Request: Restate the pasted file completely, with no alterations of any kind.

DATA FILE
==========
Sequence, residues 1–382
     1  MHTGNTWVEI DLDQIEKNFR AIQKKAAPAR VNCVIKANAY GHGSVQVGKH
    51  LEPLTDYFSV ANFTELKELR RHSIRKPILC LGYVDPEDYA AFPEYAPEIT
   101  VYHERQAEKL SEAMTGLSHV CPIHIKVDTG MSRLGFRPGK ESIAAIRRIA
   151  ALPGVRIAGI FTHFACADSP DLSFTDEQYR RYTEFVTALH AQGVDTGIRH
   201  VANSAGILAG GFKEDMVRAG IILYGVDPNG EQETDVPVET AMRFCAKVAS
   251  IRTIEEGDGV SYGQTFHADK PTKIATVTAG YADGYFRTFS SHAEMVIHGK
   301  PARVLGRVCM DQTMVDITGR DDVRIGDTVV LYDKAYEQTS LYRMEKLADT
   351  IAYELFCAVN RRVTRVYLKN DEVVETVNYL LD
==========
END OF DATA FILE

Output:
Sequence, residues 1–382
     1  MHTGNTWVEI DLDQIEKNFR AIQKKAAPAR VNCVIKANAY GHGSVQVGKH
    51  LEPLTDYFSV ANFTELKELR RHSIRKPILC LGYVDPEDYA AFPEYAPEIT
   101  VYHERQAEKL SEAMTGLSHV CPIHIKVDTG MSRLGFRPGK ESIAAIRRIA
   151  ALPGVRIAGI FTHFACADSP DLSFTDEQYR RYTEFVTALH AQGVDTGIRH
   201  VANSAGILAG GFKEDMVRAG IILYGVDPNG EQETDVPVET AMRFCAKVAS
   251  IRTIEEGDGV SYGQTFHADK PTKIATVTAG YADGYFRTFS SHAEMVIHGK
   301  PARVLGRVCM DQTMVDITGR DDVRIGDTVV LYDKAYEQTS LYRMEKLADT
   351  IAYELFCAVN RRVTRVYLKN DEVVETVNYL LD